Roman Holiday

“Life goes by quickly, but if you live it right, once is all you need”


For my first trip out of Florence, I gate-crashed, broke-a-window, crowbarred my way into the other girls’ plans to go to Rome for the weekend. The plan was simple: see all of the Roman sites and stay in a hostel for the night, eating all the right foods at all the right places. It was right on track to be a wish fulfilling Roman Holiday. 

Breakfast on my last day in Rome

Fortunately, the other girls made the plans since we’d be up shit’s creek with no paddles had that been left unto me. We shared a hostel room down the street from the train station with a shared bathroom that could generously be described as dirty, but not disgusting, and had a toilet that only occasionally flushed when you asked it to. We were “roughing it,” as the kids say. I haven’t roughed anything a day in my life and it seemed clear that neither had the other girls, but the hostel was just a place to rest our heads when we weren’t roaming the streets of Rome.

Out and about, we grabbed lunch near the Colosseum, where I scarfed down plenty of Carbonara and caci e pepe, two famously Roman meals. We ate gelato at the Trevi Fountain, followed by a photoshoot. I threw my euro in and made a wish, but that wish is between me and Trevi. I had my head turned once again as someone got proposed to, but I joined in the applause when a guy shouted, “she said yes.” There was wine with every meal and gelato after every meal, a slice of tourism heaven. 

A nice lip-lining from the gelato I ate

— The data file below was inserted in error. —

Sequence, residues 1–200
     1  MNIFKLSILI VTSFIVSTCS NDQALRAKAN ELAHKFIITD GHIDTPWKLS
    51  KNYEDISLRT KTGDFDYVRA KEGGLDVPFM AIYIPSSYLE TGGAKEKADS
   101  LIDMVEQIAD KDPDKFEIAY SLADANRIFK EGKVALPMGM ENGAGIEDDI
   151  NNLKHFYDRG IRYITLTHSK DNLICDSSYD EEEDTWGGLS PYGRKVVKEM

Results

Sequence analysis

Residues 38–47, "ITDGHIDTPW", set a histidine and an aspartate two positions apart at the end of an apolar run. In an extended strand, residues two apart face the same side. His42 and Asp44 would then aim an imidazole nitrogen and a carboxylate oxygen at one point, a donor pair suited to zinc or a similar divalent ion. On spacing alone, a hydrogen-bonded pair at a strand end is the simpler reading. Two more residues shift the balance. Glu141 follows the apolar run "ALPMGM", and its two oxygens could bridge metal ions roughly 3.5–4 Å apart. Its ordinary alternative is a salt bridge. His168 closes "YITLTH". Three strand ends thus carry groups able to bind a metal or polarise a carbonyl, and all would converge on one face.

Later in the day, I walked the length of the Forum alone. I wanted to eat lunch at the rooftop restaurant at the Forum, with a perfect view of the Colosseum, but the other girls did not want to, citing “too many stairs.”

Speaking of stairs, we saw the Spanish Steps, not to be walked up, of course, and spent the next half hour in the nearby Furla flagship trying to talk one of the girls out of, or into, the $200 purse she ended up buying. We checked out the Parthenon and Colosseum, but didn’t go inside due to the need for reservations. Instead, we shopped around, dipping into whatever stores interested us. 

The Spanish steps
The pantheon

I bought a purple rabbit fur coat (vintage, of course, so it doesn’t support the industry) and when we weren’t doing that, we were walking into various cathedrals with architecture that could bring you to tears, and encountering fountains entangled with statues of mythological figures dramatically heaving themselves on top of each other.

We made our way around Rome with us eventually passing by the Roman Senate (RIP Julius Caesar) and the place where Mussolini unfortunately gave his speeches near the Forum.

Towards the end, we went to a modern art museum to see some art that was very different from what we’d become accustomed to in Italy. An abstract art show, composed mostly of bright lights, is very different from a biblical figure made out of marble or a painting of character from roman mythology, but it makes for a welcome change.

It would be cliche to say “when in Rome” when discussing how we felt when trying to embrace what was around us, but few expressions encompass the fun and relaxing time we had in Rome that weekend.

The Tragic Queen,


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